However, it’s possible — as the U. of Washington study suggests — to process waste water to eliminate most of the types of phosphates that contribute to algal overgrowth. If I can process my swimming pool water for that purpose, why can’t municipalities?

  3. I am now wondering what I am missing since I have never noticed my dishes being any less clean. Is it because my dishwasher cycle is about 96 minutes? After exposing my dishes to over an hour and a half of hot water maybe I don’t need detergent at all?? Maybe I will try that…

    • You may have softer water than we do.

      Phosphates show the greatest cleaning improvement when you’re using hard water. Water supplies in the Southwest are notoriously hard.

      My dishwasher runs for 100 minutes, and the dishes are coming out dirty.

  4. IMHO this whole removal of TSP is a joke…and to blame the algae blooms on this product is sheer folly. The real culprit is the “effluent” (that stuff you flush down the toilet) leaching into the Chesapeake Bay and other shore area due to over building in resort area. One just has to take a boat ride up and down the tributaries to the Bay and you can see the discharge. BUT this would require an expensive and unpopular fix. So instead the authorities blame detergents…cheicken farmers abd agriculture over 300 miles a way from the Bay. Here in the “Free State” we now have a “rain-tax” supposedly to comply with federal mandates. BUT there is now way to get away from paying the tax even if one installs rain barrels…rain gardens…and alternative means to avoid such contaminations to escape. Just another money grab…IMHO. If they were serious about this they would offer incentives to cut down on the discharges not more taxes….Just my 2 cents….

    • Well, whether there’s good reason to take phosphates out of consumers’ hands or not, the heavy-handed way in which they’re doing it is not winning friends and influencing people.

      😀 I take that back: it’s “influencing people,” all right: in exactly the opposite way the Greens desire.

      IMHO, if you give people a choice and explain the reasons carefully and repeatedly, most people will make the right decision. Some will not; but in this instance, if 70% or 80% do, then 70% or 80% less phosphates will be discharged into the wild.

  5. Pingback: TSP: Dishwasher Rises from the Dead! | Funny about Money

  6. Interesting reading – I poked around and that Cascade Professional with Phosphates product appears to be discontinued – the replacement product code is PGC59535 – and I can’t find anything to indicate if the new version has phosphates or not.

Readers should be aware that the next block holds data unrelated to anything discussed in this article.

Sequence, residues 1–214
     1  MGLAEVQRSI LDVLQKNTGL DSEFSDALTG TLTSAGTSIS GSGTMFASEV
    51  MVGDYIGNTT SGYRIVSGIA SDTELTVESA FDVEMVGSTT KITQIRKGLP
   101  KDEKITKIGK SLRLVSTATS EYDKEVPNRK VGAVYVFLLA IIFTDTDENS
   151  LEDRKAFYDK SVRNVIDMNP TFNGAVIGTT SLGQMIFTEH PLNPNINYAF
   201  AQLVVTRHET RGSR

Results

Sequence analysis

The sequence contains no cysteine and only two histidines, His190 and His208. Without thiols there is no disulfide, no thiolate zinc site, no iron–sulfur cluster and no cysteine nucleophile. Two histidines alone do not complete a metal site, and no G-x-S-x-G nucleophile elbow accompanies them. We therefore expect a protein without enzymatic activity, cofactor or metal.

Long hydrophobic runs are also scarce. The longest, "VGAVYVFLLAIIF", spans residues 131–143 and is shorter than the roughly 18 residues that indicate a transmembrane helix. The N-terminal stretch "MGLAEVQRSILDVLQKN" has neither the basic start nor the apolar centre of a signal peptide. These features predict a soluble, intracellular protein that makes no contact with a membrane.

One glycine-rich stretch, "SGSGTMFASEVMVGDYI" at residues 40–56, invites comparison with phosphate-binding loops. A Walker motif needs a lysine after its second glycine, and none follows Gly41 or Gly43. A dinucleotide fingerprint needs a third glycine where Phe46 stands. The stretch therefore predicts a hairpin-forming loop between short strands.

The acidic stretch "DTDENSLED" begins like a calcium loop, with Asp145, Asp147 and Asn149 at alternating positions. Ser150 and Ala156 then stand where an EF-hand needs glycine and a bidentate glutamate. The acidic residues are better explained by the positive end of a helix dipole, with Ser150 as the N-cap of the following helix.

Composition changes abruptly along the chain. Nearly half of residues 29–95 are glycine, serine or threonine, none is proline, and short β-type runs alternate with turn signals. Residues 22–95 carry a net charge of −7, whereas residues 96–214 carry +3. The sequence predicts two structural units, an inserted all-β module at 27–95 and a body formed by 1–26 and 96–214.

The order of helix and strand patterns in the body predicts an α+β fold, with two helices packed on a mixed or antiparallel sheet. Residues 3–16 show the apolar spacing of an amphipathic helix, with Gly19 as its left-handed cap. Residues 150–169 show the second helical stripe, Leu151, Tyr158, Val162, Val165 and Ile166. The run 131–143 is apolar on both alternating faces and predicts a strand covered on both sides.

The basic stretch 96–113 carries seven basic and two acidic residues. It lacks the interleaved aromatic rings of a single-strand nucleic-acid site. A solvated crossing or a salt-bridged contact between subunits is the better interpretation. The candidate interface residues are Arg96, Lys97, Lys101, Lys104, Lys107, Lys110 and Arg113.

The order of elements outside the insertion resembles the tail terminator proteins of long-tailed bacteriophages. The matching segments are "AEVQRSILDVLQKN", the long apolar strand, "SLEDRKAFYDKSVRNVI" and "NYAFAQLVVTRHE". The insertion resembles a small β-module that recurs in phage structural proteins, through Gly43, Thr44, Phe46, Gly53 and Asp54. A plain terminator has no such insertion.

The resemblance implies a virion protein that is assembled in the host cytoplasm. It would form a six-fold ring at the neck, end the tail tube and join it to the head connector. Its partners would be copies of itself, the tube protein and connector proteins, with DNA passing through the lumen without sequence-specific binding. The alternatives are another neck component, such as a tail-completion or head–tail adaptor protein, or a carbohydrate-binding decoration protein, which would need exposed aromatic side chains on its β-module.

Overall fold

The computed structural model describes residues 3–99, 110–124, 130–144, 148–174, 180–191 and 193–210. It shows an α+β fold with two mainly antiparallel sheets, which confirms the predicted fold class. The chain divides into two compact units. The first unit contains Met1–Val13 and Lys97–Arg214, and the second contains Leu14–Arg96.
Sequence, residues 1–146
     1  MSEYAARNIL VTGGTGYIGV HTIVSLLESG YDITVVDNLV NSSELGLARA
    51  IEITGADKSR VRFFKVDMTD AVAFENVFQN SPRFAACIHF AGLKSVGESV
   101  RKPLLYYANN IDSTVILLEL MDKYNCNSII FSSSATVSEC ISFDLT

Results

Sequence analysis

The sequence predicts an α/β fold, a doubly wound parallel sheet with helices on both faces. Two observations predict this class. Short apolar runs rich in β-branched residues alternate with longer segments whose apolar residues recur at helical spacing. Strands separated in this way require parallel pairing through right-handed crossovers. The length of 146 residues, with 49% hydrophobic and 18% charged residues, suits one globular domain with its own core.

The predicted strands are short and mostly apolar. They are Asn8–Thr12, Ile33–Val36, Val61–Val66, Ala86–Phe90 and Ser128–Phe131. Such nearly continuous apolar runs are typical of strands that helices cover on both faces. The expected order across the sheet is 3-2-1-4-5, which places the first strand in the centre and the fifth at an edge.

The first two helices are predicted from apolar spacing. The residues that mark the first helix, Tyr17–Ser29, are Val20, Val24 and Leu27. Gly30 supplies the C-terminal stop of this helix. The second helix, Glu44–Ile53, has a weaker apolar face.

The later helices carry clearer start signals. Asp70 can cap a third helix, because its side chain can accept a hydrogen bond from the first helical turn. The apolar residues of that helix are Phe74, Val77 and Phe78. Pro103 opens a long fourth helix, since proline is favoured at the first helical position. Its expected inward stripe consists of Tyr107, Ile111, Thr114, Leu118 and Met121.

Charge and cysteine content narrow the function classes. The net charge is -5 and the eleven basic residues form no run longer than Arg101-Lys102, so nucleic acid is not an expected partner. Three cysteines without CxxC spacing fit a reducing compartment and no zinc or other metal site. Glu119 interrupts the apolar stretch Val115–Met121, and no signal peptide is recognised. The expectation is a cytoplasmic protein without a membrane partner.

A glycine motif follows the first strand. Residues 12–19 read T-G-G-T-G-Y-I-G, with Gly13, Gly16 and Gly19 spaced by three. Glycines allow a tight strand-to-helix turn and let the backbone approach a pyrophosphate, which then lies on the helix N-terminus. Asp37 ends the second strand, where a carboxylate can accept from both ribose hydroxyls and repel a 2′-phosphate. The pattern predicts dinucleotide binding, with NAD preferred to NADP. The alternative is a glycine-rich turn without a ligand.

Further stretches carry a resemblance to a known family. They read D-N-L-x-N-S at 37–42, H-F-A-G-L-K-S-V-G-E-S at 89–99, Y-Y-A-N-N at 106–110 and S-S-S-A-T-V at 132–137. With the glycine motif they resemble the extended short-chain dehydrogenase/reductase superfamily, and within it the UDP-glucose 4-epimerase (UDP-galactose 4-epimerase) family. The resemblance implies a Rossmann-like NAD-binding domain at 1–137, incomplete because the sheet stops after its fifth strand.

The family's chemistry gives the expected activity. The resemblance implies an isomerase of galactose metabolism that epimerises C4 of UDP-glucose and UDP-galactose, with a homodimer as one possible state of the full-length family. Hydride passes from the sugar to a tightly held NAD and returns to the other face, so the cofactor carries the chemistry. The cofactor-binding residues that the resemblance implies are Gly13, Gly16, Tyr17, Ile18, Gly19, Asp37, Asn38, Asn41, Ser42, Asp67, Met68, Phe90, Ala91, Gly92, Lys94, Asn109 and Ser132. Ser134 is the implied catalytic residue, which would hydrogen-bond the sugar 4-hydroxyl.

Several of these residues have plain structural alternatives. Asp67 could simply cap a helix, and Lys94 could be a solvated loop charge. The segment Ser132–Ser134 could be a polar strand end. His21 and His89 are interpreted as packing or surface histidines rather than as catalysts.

Not sure if I need a caseful of detergent, but then again, it would probably last me a lifetime since I run the machine only 2 times a week!

  7. I took a photo of the ingredients list on the box of professional Cascade purchased at GFS. Here are the ingredients in order: sodium carbonate, tripolypentasodium phosphate, sodium sulfate, sodium silicate, sodium dichloroisocyanurate dihydrate, water.

    Wow, that’s a lot of sodium! 😉

    I also visited the website of the Metropolitan Water Reclamation District of Greater Chicago and looked up phosphorus. There is a lot of information on the site about phosphorus, some of which is WAAYY above my head since I am not a chemical engineer. In a much more readable document called “Control of Phosphorus — Do Your Part” the MWRCD urges me to be OK with the removal of phosphorus from my dishwasher detergent (or as they refer to it ADWD) saying that Consumer Reports indicates that it is the enzymes in the ADWD that “demonstrated successful ADWD product performance. CR also included the cost per load of the various brands tested.” Not sure why the cost per load detail was included, except perhaps cost had something to do with achieving “successful performance.”

    Anyway, here’s the link to that lovely document from the MWRCD for anyone interested:

    At the end of that file, is this important information. Sorry about the formatting, it is a copy/paste and comments fields don’t allow for indentation.

    “There are numerous sources of phosphorus to Illinois streams. Municipal wastewater treatment plants are the principal point sources and agricultural runoff is the principal nonpoint source. In 2003, all of the wastewater treatment plants in Illinois discharged a combined total of approximately 5,000 tpy of phosphorus. One of the principal sources of